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Thursday, March 3, 2011

Kentucky Legislature Deadlocked Over Fixing Medicaid Budget

Kentucky's House Speaker Greg Stumbo said Thursday that the House would refuse to cut education funding as proposed by the Senate in its plan to balance the state's Medicaid budget.  “We're not going to cut education when there's a viable alternative, I'll tell you that,” said Stumbo, D-Prestonsburg. “And there is a viable alternative.

In addition, Chief Justice John Minton said the Senate cuts to the judicial budget would prevent the implementation of the penal reform measures contained in a major bill passed this session and signed into law by Gov. Steve Beshear.

The House voted Thursday to refuse to go along with the Senate Medicaid plan. And the Senate was expected to make the deadlock official by refusing to back off from the cuts it proposed.  So a conference committee of House and Senate leaders is expected to begin meeting Friday to resolve the gaping differences in their approaches to balancing the Medicaid budget.

At issue is House Bill 305 which, as passed by the Democrat-controlled House last month, would enact Gov. Steve Beshear's plan to plug a funding hole in the current Medicaid budget with $166.5 million budgeted for the program in the 2011-12 fiscal year, which begins July 1.  Beshear promised in turn to find savings of $166.5 million in next year's Medicaid budget by contracting out certain aspects and services of the program.

But Republicans who control the Senate say that they can't accept Beshear's promise of future savings and that the state must cut spending now to be certain budget problems don't grow worse.  “You need to take precautionary steps now because we don't believe it is possible to have the savings” that Beshear's plan promises, said Senate Republican Leader Robert Stivers of Manchester.

The Senate plan calls for cutting state funding to all agencies by about one-half of 1 percent in the final quarter of this fiscal year, and by about 2 ¼ percent in 2011-12.  Schools and universities would be exempt in the final quarter of this year, and the cut to basic school funding in 2011-12 would be about 1.3 percent.

But Stumbo ruled out cuts to school funding. His office released data showing district-by-district cuts — with the Jefferson County schools losing nearly $4.2 million in 2011-12.  Asked if could accept cuts to any agencies, Stumbo noted that Beshear has already overseen eight rounds of spending cuts in three years totaling $1 billion.  And he said the House would be willing to consider a list of contingent cuts as a “back-up plan” if it appears Beshear's savings may fall short.
“The obvious question is why would we go to the nuclear option, if you will, of cutting education, before we give the governor the opportunity of doing what we know he's been good at doing over the past three years?” Stumbo said.

Education groups, advocates for the needy and others dependent on state funding say more cuts will affect services and force layoffs.  Brad Hughes, spokesman for the Kentucky School Boards Association, said the $38.6 million cut in base funding would deal a serious blow to schools as they prepare to implement the new assessment program known as Senate Bill 1.

The Senate approach gives schools ways to be flexible and stretch their dollars, including permission to exceed maximum class sizes allowed by law.  “But the major concern you would hear from superintendents and school board members is raising class sizes,” Hughes said. “Nobody wants to say to a teacher who's got to start a new teaching approach (under Senate Bill 1) that the class size will be larger.”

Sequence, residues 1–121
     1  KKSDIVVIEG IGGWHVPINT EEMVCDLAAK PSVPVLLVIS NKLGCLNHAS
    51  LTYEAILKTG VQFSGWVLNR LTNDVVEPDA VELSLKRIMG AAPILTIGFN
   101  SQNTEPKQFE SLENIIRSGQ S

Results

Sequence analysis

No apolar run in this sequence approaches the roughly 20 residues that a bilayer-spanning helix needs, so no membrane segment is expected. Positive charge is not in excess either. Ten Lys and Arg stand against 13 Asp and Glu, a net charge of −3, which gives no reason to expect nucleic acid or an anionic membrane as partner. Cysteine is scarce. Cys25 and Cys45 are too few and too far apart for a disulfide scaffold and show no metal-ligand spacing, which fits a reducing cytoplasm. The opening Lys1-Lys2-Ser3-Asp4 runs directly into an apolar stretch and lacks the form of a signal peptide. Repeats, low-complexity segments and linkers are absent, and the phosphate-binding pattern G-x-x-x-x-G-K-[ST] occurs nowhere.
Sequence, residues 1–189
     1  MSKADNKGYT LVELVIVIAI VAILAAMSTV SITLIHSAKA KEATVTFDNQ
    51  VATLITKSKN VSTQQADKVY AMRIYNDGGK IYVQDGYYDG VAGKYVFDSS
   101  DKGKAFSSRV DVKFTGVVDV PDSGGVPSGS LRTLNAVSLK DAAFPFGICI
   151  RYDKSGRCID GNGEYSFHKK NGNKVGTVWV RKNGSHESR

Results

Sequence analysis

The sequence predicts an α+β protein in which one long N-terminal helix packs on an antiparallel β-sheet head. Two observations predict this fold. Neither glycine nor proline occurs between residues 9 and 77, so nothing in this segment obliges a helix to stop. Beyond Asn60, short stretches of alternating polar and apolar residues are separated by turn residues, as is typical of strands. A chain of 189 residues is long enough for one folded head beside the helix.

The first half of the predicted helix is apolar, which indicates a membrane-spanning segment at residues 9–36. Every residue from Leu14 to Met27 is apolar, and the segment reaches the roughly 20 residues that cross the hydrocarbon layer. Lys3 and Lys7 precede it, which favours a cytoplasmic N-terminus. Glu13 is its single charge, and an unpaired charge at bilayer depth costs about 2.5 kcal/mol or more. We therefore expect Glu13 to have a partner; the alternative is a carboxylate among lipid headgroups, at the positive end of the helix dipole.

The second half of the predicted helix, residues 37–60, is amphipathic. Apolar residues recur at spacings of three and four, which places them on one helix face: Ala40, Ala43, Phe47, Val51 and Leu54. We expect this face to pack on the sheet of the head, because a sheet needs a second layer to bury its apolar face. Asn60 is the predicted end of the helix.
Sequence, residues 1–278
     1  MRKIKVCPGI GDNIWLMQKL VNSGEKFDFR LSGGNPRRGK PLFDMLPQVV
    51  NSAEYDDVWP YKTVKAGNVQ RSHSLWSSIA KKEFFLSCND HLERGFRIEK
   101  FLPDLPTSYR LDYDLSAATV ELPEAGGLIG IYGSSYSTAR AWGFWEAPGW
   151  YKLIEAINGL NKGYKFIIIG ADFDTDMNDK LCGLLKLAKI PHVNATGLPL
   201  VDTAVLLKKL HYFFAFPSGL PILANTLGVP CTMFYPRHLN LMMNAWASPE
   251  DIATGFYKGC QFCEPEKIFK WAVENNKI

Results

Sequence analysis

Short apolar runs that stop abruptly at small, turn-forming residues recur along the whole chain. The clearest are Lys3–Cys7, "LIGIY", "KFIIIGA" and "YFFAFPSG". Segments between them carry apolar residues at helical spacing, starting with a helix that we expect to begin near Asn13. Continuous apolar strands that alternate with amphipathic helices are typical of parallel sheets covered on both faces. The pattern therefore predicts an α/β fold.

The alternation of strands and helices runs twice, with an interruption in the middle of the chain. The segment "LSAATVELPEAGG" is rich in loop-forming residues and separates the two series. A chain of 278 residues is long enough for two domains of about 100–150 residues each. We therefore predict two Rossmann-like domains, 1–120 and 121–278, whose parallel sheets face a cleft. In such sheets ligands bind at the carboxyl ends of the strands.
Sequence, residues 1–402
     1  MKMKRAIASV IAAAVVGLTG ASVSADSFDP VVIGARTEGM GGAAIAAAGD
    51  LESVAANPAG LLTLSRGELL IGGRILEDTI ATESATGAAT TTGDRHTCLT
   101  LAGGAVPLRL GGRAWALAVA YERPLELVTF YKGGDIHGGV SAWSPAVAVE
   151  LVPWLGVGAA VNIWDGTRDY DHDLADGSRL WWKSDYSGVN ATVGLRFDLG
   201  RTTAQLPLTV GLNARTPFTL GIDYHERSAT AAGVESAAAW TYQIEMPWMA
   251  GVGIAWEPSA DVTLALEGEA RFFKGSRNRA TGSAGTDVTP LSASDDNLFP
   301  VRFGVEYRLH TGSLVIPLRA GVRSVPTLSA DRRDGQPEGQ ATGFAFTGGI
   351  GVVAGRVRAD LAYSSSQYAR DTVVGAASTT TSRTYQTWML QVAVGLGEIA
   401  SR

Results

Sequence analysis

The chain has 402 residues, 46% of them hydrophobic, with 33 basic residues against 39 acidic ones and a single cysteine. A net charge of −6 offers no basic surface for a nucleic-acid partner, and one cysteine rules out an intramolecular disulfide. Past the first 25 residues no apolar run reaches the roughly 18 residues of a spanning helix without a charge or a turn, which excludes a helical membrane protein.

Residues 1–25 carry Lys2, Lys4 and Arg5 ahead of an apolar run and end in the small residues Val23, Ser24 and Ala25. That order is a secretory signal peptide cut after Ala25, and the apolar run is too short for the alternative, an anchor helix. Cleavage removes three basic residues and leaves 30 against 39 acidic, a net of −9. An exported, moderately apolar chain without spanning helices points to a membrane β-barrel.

Mark Hebert, spokesman for the University of Louisville, said U of L “has suffered 11 budget cuts in 11 years and the state Senate's proposal would add another $4 million in cuts on top of the cuts we're already expecting in 2011-12.  Obviously, we'll be disappointed if state lawmakers approve more cuts.”

Minton said in his letter to legislative leaders that the proposed cuts, on top of reductions in recent years, would total 28.5 percent for the judicial branch.  “The court system cannot absorb further cuts without severely curtailing our daily operations and preventing our ability to implement penal code reform as mandated by House Bill 463,” Minton wrote.
Jefferson County Commonwealth’s Attorney Dave Stengel said, “We've already cut and cut and cut and there's nothing left. This will mean some layoffs and will definitely affect the quality of prosecution and public safety.”

Sheila Schuster, executive director of the Advocacy Action Network, an umbrella organization for groups that advocate for behavioral health and health care reform, said, “Across-the-board cuts will really hurt our already chronically underfunded programs that serve people with a wide range of disabilities who need those services.”

Ellen Kershaw, a spokeswoman for the Alzheimer's Association in Kentucky, said her organization is concerned about the prospect of deeper cuts to state agencies — particularly the state Department of Aging and Independent Living. The agency, which funds services such as senior centers, Meals on Wheels, adult day programs and services at home for the elderly and disabled, has lengthy waiting lists.  “At a time when the aging population is growing and the need is growing, it makes to no sense to impose more cuts,” Kershaw said.
 
But Stivers said that if cuts aren't made now much more painful ones will be required late in the two-year budget cycle when it will be apparent Beshear's approach did not work.  “We'll be in tremendously much worse shape. ... We're talking about 4 and 5 (percent) even maybe higher cuts,” he said.
 
Courtesy, Courier-Journal

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